Messaging standards determine how the information or data elements are packaged for secure travel over the internet. The good news is that there are a limited but sufficient number of messaging standards at present and a lot of work has been done to date to select the one that is most appropriate for a given situation. Continuing with our example with respect to lab data, the HIT community has agreed that HL7 (Health Level 7) is the most appropriate approach for messaging laboratory related information.
The most difficult step in the technical process is standards for implementation guidance. Simple translation: when the data are delivered to a disparate EHR system, implementation guides allow the second system to accept and integrate them in a way that makes them as presentable to the clinician as if it were entered locally. Implementation guides are specific for different types of data and need to work for all types of EHRs. While initial work on implementation guides for several types of lab data has commenced, a lot more work is necessary in this area before the industry can achieve true interoperability for lab data and information. Meanwhile, implementation guidance still needs to be written for many other types of data.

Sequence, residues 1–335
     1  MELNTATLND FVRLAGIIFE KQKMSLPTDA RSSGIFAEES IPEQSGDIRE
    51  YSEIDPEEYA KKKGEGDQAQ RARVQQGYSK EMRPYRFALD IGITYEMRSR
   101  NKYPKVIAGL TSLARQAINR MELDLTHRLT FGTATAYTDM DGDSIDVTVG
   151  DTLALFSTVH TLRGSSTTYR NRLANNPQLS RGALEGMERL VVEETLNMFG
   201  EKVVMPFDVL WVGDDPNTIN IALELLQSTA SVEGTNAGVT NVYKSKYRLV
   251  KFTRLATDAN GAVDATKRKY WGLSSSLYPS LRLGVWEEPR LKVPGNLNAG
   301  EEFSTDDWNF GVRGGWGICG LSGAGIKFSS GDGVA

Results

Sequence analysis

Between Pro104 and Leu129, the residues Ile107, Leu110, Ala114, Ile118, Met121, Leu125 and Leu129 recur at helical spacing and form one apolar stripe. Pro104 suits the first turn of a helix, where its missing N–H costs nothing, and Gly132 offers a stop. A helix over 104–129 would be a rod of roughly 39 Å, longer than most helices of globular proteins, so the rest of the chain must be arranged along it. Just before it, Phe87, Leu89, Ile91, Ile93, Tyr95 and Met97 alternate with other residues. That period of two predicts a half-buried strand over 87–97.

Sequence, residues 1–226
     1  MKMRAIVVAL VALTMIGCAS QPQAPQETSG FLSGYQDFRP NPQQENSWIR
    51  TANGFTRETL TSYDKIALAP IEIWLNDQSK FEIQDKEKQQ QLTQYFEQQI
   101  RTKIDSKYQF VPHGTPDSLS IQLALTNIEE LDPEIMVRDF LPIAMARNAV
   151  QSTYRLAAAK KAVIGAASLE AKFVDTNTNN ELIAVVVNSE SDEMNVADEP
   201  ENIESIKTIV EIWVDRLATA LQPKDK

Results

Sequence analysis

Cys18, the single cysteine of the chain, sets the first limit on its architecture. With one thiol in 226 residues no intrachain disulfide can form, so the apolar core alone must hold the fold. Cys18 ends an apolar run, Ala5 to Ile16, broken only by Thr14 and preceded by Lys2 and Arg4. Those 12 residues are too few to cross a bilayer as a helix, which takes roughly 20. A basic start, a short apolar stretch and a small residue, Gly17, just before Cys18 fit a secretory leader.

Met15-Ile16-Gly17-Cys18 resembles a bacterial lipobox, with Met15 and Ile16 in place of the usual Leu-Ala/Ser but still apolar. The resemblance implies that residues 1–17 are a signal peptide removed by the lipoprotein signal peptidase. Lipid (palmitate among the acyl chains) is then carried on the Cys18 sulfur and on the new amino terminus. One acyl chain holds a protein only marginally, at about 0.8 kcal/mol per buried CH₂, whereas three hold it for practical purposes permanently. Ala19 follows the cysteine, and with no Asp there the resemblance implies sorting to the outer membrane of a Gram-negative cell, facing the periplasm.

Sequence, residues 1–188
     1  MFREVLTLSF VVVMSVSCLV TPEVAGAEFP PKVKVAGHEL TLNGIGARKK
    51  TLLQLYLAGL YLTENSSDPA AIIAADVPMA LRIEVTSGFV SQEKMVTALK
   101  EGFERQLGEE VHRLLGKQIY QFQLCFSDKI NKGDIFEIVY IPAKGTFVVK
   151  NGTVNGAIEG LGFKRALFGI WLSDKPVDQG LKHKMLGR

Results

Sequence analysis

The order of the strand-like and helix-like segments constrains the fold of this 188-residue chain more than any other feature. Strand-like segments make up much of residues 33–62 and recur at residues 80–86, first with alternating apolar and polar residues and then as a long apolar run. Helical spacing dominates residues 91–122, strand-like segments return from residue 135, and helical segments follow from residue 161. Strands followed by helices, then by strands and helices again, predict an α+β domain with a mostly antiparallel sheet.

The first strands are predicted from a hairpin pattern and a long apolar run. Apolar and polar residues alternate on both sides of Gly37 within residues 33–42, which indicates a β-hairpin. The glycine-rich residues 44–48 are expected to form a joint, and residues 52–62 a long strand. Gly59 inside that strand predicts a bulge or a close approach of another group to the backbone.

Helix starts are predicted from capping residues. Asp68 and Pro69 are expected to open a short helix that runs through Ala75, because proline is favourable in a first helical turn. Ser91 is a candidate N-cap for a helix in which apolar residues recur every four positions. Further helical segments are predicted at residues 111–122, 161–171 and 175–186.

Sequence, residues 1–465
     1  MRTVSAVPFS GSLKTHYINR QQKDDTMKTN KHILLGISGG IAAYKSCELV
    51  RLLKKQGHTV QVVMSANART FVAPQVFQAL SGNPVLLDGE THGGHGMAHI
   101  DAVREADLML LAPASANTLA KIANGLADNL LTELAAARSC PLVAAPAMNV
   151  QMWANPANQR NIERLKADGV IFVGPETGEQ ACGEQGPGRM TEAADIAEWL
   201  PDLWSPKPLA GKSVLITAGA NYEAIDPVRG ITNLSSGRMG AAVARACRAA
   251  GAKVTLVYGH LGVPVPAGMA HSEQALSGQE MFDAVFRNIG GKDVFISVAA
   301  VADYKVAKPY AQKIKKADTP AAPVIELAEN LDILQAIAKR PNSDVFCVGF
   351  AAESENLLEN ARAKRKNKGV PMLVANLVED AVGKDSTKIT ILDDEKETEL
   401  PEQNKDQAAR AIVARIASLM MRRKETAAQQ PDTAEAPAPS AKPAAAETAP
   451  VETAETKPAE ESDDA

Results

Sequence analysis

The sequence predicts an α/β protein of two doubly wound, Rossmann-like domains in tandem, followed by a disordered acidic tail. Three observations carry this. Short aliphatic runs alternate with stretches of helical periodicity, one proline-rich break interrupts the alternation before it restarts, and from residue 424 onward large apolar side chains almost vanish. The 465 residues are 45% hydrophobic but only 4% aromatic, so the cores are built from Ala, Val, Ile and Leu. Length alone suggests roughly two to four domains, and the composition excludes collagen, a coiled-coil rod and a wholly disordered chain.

One frequently hears the terms “syntactic interoperability” and “semantic interoperability.” The former simply refers to the basic capability to communicate and exchange information and is the first step. Semantic interoperability is the ability to automatically interpret the data in the information exchanged meaningfully and accurately in order to produce useful results as defined by the end users of both systems. Much of the interoperability currently available clinically is in the first category: summary documents can be exchanged, opened, read, and stored. The data elements in these documents, however, may need to be extracted and manually keyed into the new system if they are to be used independent of the initial document.